Volunteer divers collected more than 130kg of rubbish in a single day in the waters off Abu Dhabi's Lulu Island.
Conservation organisation Azraq said the debris was mostly plastic bottles and fishing gear.
They were helped by ‘The Captain’s Club’, which provided a boat and captain for the clean-up.
Natalie Banks, founder of Azraq, said the collaboration will give volunteers regular access to boats to expand on its coral reef survey programme in Abu Dhabi, and possibly expand to Dubai.
“There is a great deal of debris on the sea floor, which I see regularly as a scuba diving instructor," she said.
"To conserve and protect our local waterways, we need to not only look at stopping the debris from entering the waterways, but assist to remove it also."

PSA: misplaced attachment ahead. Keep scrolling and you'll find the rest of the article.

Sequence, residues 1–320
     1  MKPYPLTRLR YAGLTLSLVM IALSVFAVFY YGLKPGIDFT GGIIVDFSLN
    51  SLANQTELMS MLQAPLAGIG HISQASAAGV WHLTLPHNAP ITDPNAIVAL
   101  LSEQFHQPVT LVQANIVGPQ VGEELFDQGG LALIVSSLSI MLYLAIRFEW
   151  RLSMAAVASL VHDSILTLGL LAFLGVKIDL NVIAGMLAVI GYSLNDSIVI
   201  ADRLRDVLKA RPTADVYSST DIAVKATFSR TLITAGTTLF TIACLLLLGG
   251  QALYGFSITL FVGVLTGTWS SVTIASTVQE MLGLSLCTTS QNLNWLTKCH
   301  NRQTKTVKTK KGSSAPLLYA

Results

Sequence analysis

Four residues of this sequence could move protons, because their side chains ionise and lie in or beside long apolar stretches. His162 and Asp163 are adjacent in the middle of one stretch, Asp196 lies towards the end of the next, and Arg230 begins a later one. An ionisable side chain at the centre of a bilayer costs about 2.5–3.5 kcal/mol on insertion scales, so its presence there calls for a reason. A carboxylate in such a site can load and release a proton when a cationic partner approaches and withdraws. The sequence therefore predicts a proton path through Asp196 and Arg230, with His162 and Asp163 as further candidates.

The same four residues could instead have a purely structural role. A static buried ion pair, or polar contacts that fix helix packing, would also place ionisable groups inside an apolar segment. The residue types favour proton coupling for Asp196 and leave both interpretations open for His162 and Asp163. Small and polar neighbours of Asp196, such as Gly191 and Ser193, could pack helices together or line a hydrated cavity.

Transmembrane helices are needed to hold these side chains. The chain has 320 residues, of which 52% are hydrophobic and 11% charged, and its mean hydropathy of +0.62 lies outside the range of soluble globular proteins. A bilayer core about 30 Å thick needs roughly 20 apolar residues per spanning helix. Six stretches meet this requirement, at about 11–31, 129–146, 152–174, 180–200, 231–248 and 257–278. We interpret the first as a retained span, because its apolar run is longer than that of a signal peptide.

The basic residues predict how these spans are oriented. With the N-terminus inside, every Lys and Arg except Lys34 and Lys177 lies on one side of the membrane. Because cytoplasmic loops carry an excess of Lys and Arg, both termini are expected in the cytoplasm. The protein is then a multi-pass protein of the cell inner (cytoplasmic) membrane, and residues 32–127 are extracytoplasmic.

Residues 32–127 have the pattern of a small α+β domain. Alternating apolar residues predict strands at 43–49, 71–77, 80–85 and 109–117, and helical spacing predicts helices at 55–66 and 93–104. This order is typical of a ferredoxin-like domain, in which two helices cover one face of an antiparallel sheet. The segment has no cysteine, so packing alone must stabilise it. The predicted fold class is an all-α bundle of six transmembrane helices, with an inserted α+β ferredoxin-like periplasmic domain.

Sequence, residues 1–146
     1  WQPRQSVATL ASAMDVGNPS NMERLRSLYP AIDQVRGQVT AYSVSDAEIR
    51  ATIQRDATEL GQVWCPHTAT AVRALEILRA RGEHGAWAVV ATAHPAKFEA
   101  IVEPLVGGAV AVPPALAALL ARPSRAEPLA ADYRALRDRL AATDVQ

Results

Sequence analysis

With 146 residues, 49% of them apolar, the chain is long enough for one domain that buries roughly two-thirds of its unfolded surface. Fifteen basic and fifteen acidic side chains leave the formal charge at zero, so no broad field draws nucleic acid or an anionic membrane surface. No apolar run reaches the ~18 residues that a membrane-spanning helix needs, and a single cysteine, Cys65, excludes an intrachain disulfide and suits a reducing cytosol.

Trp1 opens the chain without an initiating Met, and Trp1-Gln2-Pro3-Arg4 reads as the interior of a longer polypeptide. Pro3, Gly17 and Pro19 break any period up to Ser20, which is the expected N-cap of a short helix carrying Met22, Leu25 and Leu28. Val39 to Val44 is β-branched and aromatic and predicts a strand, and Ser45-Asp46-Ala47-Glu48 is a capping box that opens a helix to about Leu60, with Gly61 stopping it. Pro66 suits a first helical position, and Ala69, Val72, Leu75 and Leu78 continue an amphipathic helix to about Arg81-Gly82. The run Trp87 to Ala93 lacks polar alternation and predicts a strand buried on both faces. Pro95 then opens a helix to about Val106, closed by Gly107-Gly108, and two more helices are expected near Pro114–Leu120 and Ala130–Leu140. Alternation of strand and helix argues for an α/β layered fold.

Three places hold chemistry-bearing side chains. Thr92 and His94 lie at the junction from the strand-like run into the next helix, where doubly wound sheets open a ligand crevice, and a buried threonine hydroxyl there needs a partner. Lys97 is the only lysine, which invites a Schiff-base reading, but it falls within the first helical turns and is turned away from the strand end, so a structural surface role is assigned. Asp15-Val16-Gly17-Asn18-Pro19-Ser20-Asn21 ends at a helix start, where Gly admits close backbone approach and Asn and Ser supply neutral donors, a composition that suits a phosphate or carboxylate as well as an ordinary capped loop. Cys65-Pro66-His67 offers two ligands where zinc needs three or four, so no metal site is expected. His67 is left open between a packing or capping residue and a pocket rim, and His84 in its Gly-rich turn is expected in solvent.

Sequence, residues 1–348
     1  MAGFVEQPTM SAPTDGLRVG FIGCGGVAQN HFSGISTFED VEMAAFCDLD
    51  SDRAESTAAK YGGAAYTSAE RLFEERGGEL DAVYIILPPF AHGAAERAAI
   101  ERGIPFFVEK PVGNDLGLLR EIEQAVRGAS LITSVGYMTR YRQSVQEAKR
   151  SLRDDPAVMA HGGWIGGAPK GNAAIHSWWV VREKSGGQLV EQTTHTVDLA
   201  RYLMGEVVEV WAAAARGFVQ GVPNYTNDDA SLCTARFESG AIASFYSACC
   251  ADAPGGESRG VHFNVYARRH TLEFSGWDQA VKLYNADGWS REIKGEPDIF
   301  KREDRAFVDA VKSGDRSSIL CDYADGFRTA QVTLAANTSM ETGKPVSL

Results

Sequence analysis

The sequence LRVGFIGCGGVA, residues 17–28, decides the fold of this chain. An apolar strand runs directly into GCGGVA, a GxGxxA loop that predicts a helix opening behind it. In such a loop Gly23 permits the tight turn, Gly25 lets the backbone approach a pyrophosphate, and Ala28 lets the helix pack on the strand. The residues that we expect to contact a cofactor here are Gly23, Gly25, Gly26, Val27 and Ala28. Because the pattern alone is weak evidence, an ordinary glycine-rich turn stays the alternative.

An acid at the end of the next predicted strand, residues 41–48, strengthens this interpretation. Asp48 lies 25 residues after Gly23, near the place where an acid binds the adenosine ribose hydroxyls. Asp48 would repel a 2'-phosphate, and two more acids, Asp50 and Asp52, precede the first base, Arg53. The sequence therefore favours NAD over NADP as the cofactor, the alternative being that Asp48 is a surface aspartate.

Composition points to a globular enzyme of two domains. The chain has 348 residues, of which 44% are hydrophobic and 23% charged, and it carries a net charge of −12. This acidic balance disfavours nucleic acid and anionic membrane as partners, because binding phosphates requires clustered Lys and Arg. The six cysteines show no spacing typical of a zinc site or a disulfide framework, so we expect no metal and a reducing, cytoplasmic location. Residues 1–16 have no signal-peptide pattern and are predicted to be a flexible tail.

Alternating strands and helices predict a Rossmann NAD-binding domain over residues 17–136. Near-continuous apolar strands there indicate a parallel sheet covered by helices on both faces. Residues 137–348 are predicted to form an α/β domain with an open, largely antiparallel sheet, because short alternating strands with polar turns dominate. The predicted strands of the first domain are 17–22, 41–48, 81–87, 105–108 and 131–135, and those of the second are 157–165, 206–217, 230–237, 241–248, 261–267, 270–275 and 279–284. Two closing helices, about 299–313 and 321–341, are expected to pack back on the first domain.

Azraq, founded in 2018 to help with the protection, defence and conservation of marine life, has organised a number of beach clean-up days with volunteer members.
However, it's the ocean cleans that are offering greater reward for effort, with larger amounts of debris found, according to Ms Banks.
“Organising the removal of debris from the seabed requires a great deal of organisation and logistics, and we could not be happier with the support that The Captain’s Club provides us,” Ms Banks said.
"We are also extremely grateful for the support from the Environment Agency Abu Dhabi and Tadweer, which sent a boat to Lulu Island to collect the debris afterwards.”
Last week, Environment Agency Abu Dhabi collected about 200kg of fishing gear, nets and plastic from Al Bahrani Island and the surrounding waters.
While the agency said there were no hazardous chemicals or waste found, it reminded the public of the dangers that plastic waste poses to marine life.
“Plastics are non-degradable materials that cause long-term impacts to marine wildlife and the environment,” the agency said.